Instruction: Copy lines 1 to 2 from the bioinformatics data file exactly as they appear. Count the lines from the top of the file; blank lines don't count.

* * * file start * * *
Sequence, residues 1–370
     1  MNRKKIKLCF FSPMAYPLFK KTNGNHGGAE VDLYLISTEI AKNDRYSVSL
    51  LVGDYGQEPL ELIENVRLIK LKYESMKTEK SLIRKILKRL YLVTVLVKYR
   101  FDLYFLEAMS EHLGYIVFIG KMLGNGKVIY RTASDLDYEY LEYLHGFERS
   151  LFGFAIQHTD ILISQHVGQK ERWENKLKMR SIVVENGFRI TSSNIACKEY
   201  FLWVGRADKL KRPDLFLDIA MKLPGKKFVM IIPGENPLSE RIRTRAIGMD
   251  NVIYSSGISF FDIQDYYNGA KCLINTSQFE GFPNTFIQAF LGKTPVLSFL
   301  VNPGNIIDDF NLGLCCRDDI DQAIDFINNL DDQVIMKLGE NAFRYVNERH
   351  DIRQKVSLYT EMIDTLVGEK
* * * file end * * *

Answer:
Sequence, residues 1–370
     1  MNRKKIKLCF FSPMAYPLFK KTNGNHGGAE VDLYLISTEI AKNDRYSVSL